Latin Grammys 2018

Indie Labels Represent 30% of Australian Market: Report

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Flume accepts the Best Dance/Electronic Album award for 'Skin' onstage at the Premiere Ceremony during the 59th Grammy Awards at Microsoft Theater on Feb. 12, 2017 in Los Angeles. 

Australia’s community of independent record labels now represents 30% of a total market worth almost AUS$400 million ($318 million), according to a new report commissioned by the indies’ trade body AIR. 

The inaugural study, titled AIR Share: Australian Independent Music Market Report and pitched as the most accurate picture to date of the country’s recorded music market, was launched Tuesday (Sept. 5) at the opening of the Bigsound conference in Brisbane.

Deloitte Access Economics conducted the research with independent record labels and distributors in Australia, based on their activities in 2014-15. During that period, the study found the independent sector generated revenue of AUS$154.8 million ($123 million), released more than 6,000 singles and albums and, on the whole, was a solid exporter of Aussie music. 

“This is truly a benchmark report that serves as the first indicator of the enormous cultural and fiscal value the Australian independent recording sector contributes to the Australian economy,” comments Maria Amato, GM of AIR. Its findings, she continues, present “a view that the cultural value and contribution of music in Australia rests with the independent sector”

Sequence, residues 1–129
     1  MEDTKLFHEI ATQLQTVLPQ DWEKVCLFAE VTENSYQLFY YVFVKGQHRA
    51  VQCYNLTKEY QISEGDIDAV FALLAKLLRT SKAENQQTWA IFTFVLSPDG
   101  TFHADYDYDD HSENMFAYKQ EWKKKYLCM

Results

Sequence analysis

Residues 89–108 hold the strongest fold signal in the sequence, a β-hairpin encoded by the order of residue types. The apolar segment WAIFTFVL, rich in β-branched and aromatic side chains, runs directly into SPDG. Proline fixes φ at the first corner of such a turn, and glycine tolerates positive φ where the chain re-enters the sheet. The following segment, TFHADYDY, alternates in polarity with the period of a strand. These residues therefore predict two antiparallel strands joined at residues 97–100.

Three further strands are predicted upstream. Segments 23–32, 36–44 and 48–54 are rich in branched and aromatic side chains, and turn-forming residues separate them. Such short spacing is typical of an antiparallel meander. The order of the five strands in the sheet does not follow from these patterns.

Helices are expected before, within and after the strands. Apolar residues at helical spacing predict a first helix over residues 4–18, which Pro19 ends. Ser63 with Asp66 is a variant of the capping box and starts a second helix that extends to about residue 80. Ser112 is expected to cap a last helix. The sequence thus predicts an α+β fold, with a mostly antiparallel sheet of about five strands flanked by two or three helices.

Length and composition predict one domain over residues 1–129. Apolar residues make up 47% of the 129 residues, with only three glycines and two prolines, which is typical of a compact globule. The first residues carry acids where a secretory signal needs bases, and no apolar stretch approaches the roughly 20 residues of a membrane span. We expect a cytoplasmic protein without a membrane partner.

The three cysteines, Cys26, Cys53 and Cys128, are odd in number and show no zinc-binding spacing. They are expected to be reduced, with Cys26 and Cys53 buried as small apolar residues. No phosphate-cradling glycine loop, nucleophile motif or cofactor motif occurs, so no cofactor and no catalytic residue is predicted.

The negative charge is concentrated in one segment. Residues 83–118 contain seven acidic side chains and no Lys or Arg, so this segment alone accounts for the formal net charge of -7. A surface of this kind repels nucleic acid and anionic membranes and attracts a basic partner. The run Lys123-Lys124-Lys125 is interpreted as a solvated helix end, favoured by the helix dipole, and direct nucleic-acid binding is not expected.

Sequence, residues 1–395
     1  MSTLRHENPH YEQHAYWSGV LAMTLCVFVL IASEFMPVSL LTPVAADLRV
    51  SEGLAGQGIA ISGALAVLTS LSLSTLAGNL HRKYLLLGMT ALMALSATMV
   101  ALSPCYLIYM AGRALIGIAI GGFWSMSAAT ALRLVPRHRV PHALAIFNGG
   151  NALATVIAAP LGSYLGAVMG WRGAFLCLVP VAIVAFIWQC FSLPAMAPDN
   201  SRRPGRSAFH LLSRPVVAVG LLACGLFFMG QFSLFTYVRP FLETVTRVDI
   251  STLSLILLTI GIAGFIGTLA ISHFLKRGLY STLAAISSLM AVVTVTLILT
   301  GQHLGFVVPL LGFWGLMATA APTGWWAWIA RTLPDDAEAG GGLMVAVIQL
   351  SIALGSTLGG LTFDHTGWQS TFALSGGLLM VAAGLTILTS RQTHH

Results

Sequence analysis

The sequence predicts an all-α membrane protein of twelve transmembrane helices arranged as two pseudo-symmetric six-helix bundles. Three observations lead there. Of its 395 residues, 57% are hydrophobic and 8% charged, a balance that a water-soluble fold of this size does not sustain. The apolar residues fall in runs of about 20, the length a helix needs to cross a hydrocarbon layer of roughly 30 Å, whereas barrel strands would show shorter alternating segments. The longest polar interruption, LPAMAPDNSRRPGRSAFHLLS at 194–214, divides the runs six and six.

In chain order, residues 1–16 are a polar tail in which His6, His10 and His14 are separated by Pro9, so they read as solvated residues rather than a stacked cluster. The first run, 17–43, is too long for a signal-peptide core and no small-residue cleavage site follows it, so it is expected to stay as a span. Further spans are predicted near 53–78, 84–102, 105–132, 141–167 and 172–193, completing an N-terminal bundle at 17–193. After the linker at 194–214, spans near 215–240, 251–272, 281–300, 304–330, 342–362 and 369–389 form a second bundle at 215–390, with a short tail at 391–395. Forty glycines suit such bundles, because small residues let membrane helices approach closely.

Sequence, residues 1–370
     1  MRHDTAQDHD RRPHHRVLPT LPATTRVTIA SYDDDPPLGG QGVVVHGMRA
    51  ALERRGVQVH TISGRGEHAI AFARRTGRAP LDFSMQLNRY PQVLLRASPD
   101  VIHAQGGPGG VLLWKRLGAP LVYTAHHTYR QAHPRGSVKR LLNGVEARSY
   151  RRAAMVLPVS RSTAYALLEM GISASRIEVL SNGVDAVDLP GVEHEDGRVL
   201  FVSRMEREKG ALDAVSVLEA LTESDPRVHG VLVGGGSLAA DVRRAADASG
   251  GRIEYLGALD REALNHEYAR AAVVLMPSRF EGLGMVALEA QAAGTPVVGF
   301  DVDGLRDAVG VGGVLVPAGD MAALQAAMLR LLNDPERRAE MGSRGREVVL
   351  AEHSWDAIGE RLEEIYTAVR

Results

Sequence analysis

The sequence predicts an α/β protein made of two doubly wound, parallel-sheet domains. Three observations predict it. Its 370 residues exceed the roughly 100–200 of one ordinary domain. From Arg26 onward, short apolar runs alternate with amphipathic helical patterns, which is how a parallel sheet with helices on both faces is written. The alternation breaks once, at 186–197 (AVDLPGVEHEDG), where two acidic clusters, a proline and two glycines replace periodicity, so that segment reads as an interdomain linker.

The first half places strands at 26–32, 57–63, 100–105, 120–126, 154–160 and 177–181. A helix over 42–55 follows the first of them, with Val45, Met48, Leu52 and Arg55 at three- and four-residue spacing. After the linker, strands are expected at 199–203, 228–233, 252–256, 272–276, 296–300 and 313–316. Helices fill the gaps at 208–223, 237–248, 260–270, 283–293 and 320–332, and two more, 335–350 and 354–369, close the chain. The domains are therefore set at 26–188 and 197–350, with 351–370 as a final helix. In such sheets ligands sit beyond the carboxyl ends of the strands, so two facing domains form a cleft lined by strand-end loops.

The research concludes Australians represent more than two thirds of artists contracted to local indies, while 57% of revenue is attributable to homegrown acts and 44% of independent sector revenue comes from digital channels. Perhaps the study’s least surprising revelation was that the vast majority of indie releases are new content (95%). 

Chris Maund, COO of Mushroom Labels & Publishing within the Melbourne-based Mushroom Group of Companies, which earlier this week revamped its Liberation recording interests and expanded with the launch of the Bloodlines label, notes “the independent sector is important for the industry, but also for the Australian community. We sign a lot more Australian artists then the majors, creating funding and opportunities for local talent.” He adds, “indie labels can afford to take more risks, and so ensure the diversity of music. Almost every new music genre in history, from hip-hop, grunge to trance, were launched from indie labels – with the passion and low overheads to take such risks.” 

The report also found that more than 30% of revenue earned by Aussie independent record labels was derived from exports, as music from Flume, Sia, Sheppard, Bliss N Eso, Vance Joy, Gotye, Meg Mac and many others crossed borders. 

Worldwide Independent Network CEO Alison Wenham, who is in Brisbane for the Bigsound conference, described the survey as an “impressive” one which “authoritatively establishes the independent sector at the heart of new music in Australia, commanding almost a third of the total recorded music market share. I am certain the independent market share will continue to grow as artists choose to align with companies who have their long term best interests at heart.”

Read the full report here.